They call the magazine "Newsweek," but in today's 24-hour news cycle, a weekly magazine that is seen as a recycler of old news is courting a death wish. To avoid this, Newsweek gives us haughty pieces of attitude, not only in the cover stories, but on the cover itself. Remember the cover on Iraq with the words "Bush's $87 Billion Mess"?
This week's edition is the latest in a series of let-'er-rip Bush-bashing covers. It pictures President Bush floating encapsulated in a bubble with the headline "Bush's World. The Isolated President: Can He Change?" The headline on the cover story inside is "Bush In A Bubble." They worry that Bush is possibly "the most isolated president in modern history."
The story by Evan Thomas and Richard Wolffe begins with a "baffled" John Murtha not understanding why the White House won't call him. Let's see … Murtha's publicly proclaimed the Iraq war can't be won with Bush's current approach, for which the liberal media have carried him around on their shoulders like a decorated matador, and he expects friendly consultation after that? They claim Bush has an "admirable" disdain for pundits, but inattention to Murtha, a "rock-solid patriot, suggests a level of indifference, if not denial, that is dangerous for a president who seeks to transform the world."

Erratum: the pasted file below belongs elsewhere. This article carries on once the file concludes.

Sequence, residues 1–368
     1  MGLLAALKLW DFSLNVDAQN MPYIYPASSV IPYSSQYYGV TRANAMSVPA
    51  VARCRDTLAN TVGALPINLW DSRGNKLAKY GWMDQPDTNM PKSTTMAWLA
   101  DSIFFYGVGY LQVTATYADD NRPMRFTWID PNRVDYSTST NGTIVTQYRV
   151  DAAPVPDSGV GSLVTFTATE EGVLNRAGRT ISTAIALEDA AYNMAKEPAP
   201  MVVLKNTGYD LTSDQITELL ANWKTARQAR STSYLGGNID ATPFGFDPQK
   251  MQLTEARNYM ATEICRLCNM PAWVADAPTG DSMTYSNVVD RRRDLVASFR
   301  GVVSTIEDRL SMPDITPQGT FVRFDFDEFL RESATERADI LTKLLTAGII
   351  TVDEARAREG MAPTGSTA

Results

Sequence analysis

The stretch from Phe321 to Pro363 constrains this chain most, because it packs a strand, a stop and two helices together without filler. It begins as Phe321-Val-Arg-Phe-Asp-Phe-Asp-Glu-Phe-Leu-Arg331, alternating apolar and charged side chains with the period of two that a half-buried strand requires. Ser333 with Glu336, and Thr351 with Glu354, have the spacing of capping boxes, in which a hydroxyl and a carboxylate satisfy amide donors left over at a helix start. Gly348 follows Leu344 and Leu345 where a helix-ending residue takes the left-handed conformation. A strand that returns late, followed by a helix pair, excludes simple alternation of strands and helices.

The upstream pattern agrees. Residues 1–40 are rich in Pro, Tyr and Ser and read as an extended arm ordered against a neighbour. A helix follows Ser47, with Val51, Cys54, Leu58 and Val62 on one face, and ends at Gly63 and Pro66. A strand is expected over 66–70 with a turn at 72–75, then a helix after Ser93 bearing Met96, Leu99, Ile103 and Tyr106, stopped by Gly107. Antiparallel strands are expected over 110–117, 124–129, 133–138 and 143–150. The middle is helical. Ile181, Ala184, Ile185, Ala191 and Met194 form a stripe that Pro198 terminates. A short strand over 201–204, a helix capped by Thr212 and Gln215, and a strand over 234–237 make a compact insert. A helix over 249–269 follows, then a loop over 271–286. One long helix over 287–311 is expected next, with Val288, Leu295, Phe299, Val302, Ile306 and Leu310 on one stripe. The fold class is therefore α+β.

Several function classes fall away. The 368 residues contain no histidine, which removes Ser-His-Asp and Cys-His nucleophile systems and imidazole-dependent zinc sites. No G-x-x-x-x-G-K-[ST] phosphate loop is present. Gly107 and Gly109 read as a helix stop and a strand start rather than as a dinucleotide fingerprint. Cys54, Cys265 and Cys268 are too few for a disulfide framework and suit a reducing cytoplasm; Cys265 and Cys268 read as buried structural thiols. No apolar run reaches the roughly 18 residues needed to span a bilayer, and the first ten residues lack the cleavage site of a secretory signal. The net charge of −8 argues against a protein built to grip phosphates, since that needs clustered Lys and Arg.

First of all, this critique is just as easily turned around on the liberal media. When is the last time Newsweek's top editors called the Media Research Center for advice? (Try never. Maybe we could have talked them out of biting on that dangerously insular piece suggesting American soldiers flush Korans for fun.)
But there's something else going on here, too. It's not just Murtha, but the media themselves who are feeling un-consulted. One of the things know-it-all reporters like to do is advise the powerful. A politician can attract good press by taking his press corps and pretending to make them his corps of advisers, noodling over their grand ideas for governance. Look no further than John McCain. Back in 1999, Newsweek's Jonathan Alter professed love for McCain because he returned calls: "Reporters can be bought cheap with a little cooperation when we need it. For years, McCain has reliably returned press calls with a candid line or two." McCain indulged their pushy adviser impulses, as Slate's Jacob Weisberg praised McCain's willingness to listen to his school-voucher ideas: "When McCain flatters you, it doesn't feel automatic or calculated. He truly likes us journalists." In the end, however, all it got McCain was loving articles. Bush became president.
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